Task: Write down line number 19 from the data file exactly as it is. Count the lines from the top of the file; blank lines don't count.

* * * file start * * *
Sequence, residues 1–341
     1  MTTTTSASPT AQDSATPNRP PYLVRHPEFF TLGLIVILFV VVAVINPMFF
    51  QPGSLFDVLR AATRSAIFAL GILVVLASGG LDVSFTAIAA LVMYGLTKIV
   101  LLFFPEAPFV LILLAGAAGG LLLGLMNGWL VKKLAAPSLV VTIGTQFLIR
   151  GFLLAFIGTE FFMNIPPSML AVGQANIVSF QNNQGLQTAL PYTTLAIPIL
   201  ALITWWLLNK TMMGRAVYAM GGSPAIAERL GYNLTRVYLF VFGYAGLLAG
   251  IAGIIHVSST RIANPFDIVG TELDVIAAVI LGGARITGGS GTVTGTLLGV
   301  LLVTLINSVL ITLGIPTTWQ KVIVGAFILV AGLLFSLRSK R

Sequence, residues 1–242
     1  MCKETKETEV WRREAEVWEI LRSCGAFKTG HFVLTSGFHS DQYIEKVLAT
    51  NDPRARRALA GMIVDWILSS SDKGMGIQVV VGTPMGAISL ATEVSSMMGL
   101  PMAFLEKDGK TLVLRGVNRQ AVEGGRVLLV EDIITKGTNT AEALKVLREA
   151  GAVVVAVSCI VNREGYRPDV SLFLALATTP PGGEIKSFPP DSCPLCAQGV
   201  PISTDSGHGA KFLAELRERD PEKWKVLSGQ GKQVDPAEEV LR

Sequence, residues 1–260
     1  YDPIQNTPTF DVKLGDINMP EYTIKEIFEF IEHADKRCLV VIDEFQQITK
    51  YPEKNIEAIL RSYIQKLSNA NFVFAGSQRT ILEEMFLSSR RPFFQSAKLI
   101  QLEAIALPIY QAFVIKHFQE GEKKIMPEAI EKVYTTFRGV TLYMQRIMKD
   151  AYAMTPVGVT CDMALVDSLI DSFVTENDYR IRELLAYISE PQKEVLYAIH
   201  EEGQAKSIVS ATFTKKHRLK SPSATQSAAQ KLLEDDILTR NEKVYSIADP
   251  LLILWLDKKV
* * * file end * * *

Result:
   151  AYAMTPVGVT CDMALVDSLI DSFVTENDYR IRELLAYISE PQKEVLYAIH